5143 Montgomery Road
Not to be confused with Sorrento’s Restaurant & Lounge on Reading Road, Sorrento’s Pizzeria is owned and operated by the de Luca family and has been a Norwood landmark for over half a century. The restaurant suffered a huge blow a few years ago when it was nearly destroyed by fire, followed by the deaths of patriarch Enrico and son Willie, but the family vowed to reopen, and did so in June of 2007.
The restaurant has won numerous awards for their pizzas, based no doubt on the superb, homemade crusts and distinctive pizza sauce that “Mama” de Luca makes from scratch daily. It is a recipe for success that has served the family-run restaurant well, and when friends invited us to Sorrento’s for a birthday get-together recently, we could hardly wait to try it out.
I’m sorry to say that I wish I hadn’t, and nearly didn’t write about my experience because I hate having to knock a locally owned and operated business. The family has put their heart and soul into the restaurant and are obviously doing something right or they wouldn’t have survived for over 50 years. I will say that non-vegetarians will have no problem whatsoever with Sorrento’s, and if I was a carnivore would probably agree with their fans (who include Pete Rose and former U.C. Bearcat coach Bob Huggins) that theirs is some of the best pizza in town.
The problem is, unfortunately, that the restaurant doesn’t seem to know how to handle those with dietary restrictions. In our group there was one vegetarian (me) and one lactose-intolerant individual, and unfortunately the kitchen just couldn’t deal properly with either of us. We were both very clear about our specific needs with the server, but somehow the information either didn’t get passed on to the kitchen, or the kitchen didn’t bother to actually read and heed the requests.
Most of our group ordered pizza, since that is what the restaurant is famous for, but I thought I’d give their manicotti a try. The meal comes with salad and garlic bread, and my first surprise of the evening was being served a salad laden with sliced pepperoni, which I had to send back. The server was very apologetic and swiftly brought out a new, meatless one.
Our lactose-intolerant friend specifically ordered a cheese-less pizza, which the server dutifully jotted down, but when the pizza came out it was covered with cheese and had to be sent back. Likewise, when I asked the server if the marinara sauce used in the spaghetti, manicotti and ravioli was vegetarian or meat-based she assured me that the sauce was vegetarian. So imagine my surprise when, after two-thirds of our group had gotten their meals, the server came over to me and said, “I’m afraid to bring out your manicotti because it’s ‘chunky’.” I said, “Is it chunky with tomatoes or chunky with meat?” and she said, “I think it’s chunky with meat. It looks like maybe a meatball or two got broken up into it.” At least she was honest about it, and suggested that perhaps I might like to order a pizza instead. I asked about the pizza sauce and was assured that there was no meat in it, but she couldn’t answer my question about whether or not the sauce had non-vegetarian stock in it, possibly because the recipe is a family secret.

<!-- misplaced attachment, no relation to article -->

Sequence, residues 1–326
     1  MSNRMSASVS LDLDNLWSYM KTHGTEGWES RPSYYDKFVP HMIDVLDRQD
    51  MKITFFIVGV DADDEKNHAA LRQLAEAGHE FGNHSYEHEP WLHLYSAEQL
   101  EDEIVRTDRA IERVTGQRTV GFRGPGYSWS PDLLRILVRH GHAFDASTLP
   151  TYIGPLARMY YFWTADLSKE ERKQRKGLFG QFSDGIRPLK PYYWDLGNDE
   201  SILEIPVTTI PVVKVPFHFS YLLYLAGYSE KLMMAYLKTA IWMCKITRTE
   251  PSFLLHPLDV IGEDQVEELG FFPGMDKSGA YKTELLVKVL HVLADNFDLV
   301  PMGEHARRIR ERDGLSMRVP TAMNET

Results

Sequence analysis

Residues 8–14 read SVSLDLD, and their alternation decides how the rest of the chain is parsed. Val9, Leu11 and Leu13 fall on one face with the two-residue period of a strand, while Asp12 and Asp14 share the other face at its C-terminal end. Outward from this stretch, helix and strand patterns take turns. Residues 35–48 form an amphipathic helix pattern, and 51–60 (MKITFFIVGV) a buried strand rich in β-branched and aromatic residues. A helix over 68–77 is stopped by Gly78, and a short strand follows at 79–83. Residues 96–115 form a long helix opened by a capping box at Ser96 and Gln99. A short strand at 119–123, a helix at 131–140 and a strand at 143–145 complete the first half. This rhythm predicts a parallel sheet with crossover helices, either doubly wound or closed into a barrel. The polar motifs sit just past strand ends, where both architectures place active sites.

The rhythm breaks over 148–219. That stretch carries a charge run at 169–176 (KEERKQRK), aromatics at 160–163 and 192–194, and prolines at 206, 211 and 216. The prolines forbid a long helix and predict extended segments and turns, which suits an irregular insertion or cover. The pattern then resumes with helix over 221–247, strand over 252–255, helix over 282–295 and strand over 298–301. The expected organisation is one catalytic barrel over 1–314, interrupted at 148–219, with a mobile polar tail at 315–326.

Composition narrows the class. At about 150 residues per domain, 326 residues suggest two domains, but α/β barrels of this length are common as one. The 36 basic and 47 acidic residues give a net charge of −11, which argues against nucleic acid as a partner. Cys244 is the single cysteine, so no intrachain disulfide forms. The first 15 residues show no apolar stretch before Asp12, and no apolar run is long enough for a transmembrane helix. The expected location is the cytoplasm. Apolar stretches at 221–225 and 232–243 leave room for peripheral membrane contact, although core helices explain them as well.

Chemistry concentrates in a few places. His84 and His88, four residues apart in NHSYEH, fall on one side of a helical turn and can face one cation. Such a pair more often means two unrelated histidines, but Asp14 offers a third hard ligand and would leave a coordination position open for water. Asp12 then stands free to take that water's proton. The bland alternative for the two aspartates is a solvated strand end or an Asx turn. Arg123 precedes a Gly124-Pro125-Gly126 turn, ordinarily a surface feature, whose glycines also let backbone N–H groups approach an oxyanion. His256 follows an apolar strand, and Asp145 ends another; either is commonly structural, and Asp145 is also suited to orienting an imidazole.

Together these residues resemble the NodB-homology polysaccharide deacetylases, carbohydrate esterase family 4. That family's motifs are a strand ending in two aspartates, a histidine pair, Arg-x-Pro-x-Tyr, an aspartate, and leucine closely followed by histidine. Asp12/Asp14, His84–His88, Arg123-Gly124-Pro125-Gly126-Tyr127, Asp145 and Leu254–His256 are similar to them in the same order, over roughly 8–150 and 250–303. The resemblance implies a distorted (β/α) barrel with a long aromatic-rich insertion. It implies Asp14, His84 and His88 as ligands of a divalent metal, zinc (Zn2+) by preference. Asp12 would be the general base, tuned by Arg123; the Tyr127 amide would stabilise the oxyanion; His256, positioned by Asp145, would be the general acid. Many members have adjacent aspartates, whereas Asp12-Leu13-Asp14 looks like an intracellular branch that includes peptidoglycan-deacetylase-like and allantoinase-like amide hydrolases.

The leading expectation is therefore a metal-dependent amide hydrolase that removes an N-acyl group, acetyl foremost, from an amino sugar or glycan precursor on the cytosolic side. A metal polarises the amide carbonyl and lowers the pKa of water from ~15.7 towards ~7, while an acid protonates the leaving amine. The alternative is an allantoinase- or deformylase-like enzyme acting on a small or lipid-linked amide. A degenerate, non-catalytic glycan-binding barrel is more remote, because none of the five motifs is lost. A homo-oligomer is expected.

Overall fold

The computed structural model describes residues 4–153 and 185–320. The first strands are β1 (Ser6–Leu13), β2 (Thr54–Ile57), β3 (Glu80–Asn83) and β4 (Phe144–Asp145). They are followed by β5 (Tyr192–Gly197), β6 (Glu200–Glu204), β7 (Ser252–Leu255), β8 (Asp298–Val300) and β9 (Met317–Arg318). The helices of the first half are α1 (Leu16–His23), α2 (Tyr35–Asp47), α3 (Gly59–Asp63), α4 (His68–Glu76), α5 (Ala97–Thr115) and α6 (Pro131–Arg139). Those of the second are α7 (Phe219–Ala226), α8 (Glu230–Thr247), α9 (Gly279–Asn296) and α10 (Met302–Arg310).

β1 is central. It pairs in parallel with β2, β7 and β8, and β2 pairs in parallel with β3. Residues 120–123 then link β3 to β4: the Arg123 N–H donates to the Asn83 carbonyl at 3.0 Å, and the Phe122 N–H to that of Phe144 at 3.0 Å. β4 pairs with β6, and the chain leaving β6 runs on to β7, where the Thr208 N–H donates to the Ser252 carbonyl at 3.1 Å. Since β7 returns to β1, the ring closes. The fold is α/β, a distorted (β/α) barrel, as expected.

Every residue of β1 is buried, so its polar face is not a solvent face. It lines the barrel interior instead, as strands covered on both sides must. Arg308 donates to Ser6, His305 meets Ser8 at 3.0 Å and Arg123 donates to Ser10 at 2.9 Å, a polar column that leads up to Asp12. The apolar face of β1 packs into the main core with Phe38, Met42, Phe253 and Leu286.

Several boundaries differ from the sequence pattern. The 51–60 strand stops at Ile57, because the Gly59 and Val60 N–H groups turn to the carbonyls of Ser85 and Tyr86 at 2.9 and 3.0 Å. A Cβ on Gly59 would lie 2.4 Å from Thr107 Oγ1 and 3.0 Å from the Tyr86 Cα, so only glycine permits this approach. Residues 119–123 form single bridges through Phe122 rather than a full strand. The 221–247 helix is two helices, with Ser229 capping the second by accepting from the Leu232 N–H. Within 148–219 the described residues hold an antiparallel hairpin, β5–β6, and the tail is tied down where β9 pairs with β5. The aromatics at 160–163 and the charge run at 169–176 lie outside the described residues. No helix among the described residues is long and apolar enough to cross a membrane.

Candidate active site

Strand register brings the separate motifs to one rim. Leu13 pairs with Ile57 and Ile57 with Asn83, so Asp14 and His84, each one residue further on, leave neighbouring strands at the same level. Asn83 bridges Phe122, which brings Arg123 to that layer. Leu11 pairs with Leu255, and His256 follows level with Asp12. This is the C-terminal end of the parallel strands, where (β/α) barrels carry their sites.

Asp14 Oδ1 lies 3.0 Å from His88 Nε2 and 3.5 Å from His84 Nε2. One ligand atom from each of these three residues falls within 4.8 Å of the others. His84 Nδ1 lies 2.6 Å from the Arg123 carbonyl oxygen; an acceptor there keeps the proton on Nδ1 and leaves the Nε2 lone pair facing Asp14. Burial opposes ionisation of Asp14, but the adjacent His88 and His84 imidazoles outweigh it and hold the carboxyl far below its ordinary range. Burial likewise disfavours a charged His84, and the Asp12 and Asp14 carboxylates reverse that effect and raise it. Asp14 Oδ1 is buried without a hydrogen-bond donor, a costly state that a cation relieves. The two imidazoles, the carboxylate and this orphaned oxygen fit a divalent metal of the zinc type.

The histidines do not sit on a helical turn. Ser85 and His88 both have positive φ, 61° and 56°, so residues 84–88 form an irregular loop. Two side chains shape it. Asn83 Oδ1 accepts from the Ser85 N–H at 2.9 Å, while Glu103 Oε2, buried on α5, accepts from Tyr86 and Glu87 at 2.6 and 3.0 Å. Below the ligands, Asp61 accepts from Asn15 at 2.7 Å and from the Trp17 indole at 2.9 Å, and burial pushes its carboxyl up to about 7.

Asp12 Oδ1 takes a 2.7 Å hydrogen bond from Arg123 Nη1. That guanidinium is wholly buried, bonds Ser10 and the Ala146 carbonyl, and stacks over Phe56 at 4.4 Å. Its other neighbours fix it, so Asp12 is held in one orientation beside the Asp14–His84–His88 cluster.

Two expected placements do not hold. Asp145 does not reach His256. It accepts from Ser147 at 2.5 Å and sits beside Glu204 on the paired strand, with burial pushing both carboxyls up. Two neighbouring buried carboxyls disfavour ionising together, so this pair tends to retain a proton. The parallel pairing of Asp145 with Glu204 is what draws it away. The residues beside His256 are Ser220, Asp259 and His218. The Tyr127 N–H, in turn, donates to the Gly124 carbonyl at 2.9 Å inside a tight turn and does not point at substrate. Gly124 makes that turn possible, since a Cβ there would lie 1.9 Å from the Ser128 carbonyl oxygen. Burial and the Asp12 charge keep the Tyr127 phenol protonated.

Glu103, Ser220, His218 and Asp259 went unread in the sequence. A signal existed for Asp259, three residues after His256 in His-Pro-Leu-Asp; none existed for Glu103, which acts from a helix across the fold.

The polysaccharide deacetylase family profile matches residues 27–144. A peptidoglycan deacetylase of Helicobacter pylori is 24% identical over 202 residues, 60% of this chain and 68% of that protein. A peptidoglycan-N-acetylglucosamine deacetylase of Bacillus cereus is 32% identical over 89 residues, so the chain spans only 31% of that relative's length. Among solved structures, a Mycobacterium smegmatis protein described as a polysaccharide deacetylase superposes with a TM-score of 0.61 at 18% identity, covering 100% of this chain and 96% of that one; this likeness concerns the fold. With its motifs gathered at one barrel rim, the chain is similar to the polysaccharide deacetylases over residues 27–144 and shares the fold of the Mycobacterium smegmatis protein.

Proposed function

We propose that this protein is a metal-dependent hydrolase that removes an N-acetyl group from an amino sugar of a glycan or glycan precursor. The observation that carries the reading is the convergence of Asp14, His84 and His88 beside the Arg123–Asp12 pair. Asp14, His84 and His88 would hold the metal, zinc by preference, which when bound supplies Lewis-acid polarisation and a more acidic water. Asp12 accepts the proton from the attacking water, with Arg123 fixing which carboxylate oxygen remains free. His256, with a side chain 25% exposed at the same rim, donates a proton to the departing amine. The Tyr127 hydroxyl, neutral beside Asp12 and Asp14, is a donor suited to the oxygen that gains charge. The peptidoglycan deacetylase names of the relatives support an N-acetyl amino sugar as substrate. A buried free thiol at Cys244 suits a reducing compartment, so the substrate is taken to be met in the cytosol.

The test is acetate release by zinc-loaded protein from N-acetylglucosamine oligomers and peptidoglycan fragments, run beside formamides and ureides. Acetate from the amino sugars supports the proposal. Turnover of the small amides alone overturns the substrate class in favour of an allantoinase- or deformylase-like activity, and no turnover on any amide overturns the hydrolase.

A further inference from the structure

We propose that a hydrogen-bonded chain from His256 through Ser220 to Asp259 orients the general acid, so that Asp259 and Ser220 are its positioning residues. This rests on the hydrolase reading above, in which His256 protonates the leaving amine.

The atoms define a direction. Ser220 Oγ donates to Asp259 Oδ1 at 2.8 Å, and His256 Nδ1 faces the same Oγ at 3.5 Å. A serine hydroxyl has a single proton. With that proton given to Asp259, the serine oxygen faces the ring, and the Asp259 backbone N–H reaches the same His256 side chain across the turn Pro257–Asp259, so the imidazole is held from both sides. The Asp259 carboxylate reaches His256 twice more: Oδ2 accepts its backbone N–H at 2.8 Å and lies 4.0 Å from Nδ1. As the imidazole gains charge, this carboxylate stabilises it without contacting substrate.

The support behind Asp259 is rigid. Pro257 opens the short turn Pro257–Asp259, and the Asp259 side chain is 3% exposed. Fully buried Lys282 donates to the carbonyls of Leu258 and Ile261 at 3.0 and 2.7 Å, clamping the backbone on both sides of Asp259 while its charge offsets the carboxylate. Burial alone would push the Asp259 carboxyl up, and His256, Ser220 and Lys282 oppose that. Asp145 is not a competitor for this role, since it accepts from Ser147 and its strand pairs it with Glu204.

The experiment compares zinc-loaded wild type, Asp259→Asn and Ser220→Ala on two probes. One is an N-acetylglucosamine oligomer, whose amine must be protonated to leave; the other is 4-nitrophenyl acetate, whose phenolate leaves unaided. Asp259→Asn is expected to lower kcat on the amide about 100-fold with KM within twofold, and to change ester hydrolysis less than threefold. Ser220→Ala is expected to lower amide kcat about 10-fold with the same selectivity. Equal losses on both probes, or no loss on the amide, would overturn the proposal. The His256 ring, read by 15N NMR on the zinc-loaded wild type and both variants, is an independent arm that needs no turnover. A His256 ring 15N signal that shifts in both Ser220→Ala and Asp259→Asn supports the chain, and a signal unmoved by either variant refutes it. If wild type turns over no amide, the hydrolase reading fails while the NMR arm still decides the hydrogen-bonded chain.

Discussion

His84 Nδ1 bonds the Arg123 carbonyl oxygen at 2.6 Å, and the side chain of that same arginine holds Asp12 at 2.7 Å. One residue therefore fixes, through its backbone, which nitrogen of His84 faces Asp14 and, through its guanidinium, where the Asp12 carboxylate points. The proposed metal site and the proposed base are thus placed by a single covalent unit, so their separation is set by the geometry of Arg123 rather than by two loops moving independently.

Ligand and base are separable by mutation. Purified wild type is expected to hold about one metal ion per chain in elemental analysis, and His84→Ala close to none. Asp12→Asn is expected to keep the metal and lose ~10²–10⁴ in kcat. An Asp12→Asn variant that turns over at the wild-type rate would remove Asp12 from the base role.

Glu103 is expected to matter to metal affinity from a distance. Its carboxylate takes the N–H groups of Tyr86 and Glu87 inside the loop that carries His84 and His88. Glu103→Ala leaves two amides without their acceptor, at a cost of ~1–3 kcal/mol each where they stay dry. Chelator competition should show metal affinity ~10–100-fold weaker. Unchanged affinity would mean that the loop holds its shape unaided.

I felt it was best to err on the side of caution and order a pizza without sauce. So while everyone else in our group enjoyed their food, my lactose-intolerant friend and I sat and waited for our cheese-less, sauce-less pizzas. When our orders finally arrived nearly half an hour later, his was cheese-less but mine had a thin layer of sauce on it. I felt like giving up.
I know I should have sent it back, but I didn’t want to wait any longer to eat. Everyone else in our group was finished with their meals by the time my pizza arrived, and I couldn't fathom waiting yet another 30 minutes, so I ate some of it. Not a lot – only a couple of pieces, but it was enough to cause me a great deal of grief when my churning gut woke me in the wee hours of the morning. I won’t go into detail – suffice to say it felt as though I had stinging nettles in my stomach, and someone was trying to wring them out like a sponge. Not fun. I was sick nearly all day, which leads me to believe that the sauce at Sorrento’s is NOT vegetarian and should be avoided.
As much as I’d like to be able to recommend something from Sorrento’s menu for vegetarians, I cannot in good faith do it after my experience. Simple requests were overlooked or went unheeded, the wait staff couldn’t answer simple questions about the sauce, and a lot of food was wasted as a result. It’s no wonder their prices are higher than similar Italian restaurants in the area; they need to mark up the difference for the kitchen’s various mistakes.